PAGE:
Sunday, September 05, 2004

Python x Java

I am not really trying to analyse it deeper, just put random thoughts regarding what I have felt about these two languages.

Python does not require that you declare data types, although requires that you initialize it. As I am used to declare any variable, I had to change a little bit to enjoy the Python way. I did like the numarray package, as it provides lots of functions for manipulating arrays. For engineering purposes, having a strong array library is very important.

The numarray API already overloads operators like +, * and math operations, which is also great. If we see this way, Python is perfect for science. OOP programming in Python is easy, although I saw no references yet to the use of polymorphism in the same way we can do in Java or C++. For ex:

//C++
Foo * f = new Foo( );
Foo *f2;

//Java
Foo f = new Foo( );
Foo f2;


In either languages if you do f = f2, you make the pointers to reference the same objects. Also, if you have a function that accepts objects with an heritage hierarchy, the compiler knows at run time which object you're passing. Suppose for example, you have a class that represents a virtual world. And you have zillions of beings that are derived from a base class. Without polymorphism, If you were to implement a method that used any of these beings as parameters you would end up with an implementation for each. With polymorphism, this is not required. Suppose you have: Being->Warrior->Wizard->Preacher->Worker and any of these have a function named boolean Eat( ). Suppose in your code, there's an specific event where you need to pass an object and inside this method you make use of the Eat( ) function. Your implementation would be simple:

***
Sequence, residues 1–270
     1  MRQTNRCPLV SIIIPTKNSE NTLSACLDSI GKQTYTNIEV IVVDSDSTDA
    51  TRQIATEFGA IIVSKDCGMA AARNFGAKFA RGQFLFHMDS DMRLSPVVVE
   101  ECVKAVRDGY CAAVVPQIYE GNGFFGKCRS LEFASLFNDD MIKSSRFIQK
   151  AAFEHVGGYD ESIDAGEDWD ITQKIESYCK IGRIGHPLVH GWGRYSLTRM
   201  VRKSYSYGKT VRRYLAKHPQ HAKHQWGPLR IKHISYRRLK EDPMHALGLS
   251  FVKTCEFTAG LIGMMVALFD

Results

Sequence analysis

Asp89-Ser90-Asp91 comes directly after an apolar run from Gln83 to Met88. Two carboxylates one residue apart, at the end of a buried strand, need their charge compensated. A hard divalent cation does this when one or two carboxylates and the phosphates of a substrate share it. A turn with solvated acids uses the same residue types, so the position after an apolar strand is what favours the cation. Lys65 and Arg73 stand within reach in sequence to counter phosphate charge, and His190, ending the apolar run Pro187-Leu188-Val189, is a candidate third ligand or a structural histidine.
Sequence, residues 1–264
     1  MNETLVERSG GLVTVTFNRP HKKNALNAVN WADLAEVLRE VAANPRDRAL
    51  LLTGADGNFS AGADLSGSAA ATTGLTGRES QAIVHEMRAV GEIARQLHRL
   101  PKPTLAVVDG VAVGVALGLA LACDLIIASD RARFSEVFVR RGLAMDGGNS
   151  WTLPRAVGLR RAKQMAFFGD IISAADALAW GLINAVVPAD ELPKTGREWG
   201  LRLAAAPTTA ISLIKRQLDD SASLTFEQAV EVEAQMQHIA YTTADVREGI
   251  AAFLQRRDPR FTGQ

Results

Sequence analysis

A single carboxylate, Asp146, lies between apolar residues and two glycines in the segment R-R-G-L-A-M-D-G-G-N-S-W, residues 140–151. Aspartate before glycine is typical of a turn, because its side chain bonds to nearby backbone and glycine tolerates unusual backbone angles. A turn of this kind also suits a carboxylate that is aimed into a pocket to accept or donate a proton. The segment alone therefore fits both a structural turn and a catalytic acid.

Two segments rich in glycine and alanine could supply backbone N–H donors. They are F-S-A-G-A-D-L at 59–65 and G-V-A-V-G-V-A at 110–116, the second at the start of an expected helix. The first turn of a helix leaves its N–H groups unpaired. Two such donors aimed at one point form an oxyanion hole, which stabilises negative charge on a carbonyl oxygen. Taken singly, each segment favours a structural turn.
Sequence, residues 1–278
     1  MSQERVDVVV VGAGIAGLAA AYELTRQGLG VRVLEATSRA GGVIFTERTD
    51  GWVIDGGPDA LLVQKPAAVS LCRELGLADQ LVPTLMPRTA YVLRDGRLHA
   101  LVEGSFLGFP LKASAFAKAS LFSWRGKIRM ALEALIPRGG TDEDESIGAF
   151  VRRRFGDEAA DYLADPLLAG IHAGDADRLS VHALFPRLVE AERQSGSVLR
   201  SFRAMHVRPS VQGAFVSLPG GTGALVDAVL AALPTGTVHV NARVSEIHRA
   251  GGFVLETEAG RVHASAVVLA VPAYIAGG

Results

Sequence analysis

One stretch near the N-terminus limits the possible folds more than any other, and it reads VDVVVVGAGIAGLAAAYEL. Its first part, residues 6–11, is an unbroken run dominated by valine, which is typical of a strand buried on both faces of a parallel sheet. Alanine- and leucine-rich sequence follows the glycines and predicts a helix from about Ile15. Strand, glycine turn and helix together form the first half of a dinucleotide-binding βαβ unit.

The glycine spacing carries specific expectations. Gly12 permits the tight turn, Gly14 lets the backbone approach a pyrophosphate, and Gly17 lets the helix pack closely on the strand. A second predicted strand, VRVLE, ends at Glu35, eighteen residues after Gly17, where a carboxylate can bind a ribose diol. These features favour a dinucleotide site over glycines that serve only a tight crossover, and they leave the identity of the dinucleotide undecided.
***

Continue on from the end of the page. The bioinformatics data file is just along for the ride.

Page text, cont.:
void IWilluseThatFunction( Being b){
//...
if ( b.Eat( ) ) {
//.. do this
else {
//do that
}

Coolness...

I actually don't mind if Python does not allow it. I have implemented several simple non OOP functions in Python (simple enough, that everybody might have done it too) and it is too clear and direct. Suppose I would require a library with functions Jaca1, Jaca2...Jacan. In the OOP way, I would require an instantion of a class with the proper parameters and then I could make use of the functions. The non OOP way simple allows that I call every function passing the proper parameters. If I am just trying to get results from a data and I will not use them in another block of code, I'd not use OOP.

#OOP way
JacaObject = Jaca(HereIPassAXMLFileForEx)
#now I will have to access its methods
JacaObject.Jaca1( );
//....

#Non OOP
from JacaCollectionOfFunctions import *

Jaca1(HereIPassAXMLFileForEx)
Jaca2(HereIPassADataBasethatrepresentsthatXMLFileForEx)



I did like the Tkinter GUI library that Python has built in. I found it faster than Swing. And both Swing and Tkinter make use of a similar OOP model.

Perhaps tempted, I would say that I still enjoy Java better, but Python comes close.

NP: DIO "Magica", excellent metal album!


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